I have my own solution.  I won't run a session (of any game) without setting aside at least twenty minutes afterwards for a bull session.  I've been GMing since about 1982, and I've run through a lot of NPCs I cared about, as well as having very strong feelings about the fates of PCs run by others.  For me, the strangest (and strongest) feeling is still the one I get when a group of players lets something happen to a fellow player's character, and I'm sitting there without a "player" voice, saying "NOOO!!" inside my head.  I had this feeling as recently as this past Spring, when a PC in my D&D game suffered more than any PC I've ever seen (in any game, CoC included), and was all but abandoned by his party members, who passed up what I thought was an unprecedented chance to turn the story into something magnificent.  More than twenty years of gaming, and the feeling was not at all muted, but was instead more intense than when I was new to the hobby.  And I didn't... get... to say... anything!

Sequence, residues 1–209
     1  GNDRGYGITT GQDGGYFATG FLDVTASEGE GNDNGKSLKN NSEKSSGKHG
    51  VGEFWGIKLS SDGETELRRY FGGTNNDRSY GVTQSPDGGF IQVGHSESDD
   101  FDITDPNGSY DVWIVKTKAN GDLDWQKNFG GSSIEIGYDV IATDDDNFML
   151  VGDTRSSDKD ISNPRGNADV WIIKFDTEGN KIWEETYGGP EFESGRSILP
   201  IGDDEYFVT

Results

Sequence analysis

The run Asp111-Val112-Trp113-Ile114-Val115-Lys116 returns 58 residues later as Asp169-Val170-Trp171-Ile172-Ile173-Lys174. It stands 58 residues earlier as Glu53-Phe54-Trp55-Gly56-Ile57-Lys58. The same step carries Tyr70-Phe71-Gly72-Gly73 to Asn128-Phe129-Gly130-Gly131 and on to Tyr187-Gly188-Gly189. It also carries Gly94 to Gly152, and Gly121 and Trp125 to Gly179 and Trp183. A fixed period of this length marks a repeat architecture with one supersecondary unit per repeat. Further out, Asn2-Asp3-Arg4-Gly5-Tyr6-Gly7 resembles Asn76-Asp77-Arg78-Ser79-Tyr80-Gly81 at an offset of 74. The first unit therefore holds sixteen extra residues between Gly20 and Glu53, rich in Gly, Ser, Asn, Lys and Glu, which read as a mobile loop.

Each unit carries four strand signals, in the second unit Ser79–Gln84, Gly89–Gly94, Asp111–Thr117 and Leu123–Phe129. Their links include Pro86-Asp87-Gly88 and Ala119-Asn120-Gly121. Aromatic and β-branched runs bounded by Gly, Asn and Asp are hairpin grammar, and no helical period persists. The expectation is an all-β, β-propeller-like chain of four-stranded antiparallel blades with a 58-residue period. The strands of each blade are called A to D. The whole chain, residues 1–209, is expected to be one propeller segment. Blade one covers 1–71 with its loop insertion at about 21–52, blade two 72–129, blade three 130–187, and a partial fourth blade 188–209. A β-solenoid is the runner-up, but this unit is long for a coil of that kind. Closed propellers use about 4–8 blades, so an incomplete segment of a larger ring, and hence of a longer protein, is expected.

But I've learned not to suppress this stuff forever; I can't do it without feeling cheated somehow, like I'm just somebody's stupid CPU.  However player-centric this hobby becomes, I will seize my right to speak, just not during the game.  I spill it after the game  -- in technicolor and surround sound!  The after-game session is my chance to laugh, shout, sob, or just vent my spleen.  My players understand this, and they use such sessions as sounding boards to feel out what I've got cooked up for future sessions.  Hey, it's fair they should get something out of it, even if it means I let slip some dark secret of my grand design.  [A nice thing about DitV is that I don't have to keep secrets from the players, so I can take my foot off the clutch and just let fly.  And strangely enough, this has yet to result in a "you should have" moment.]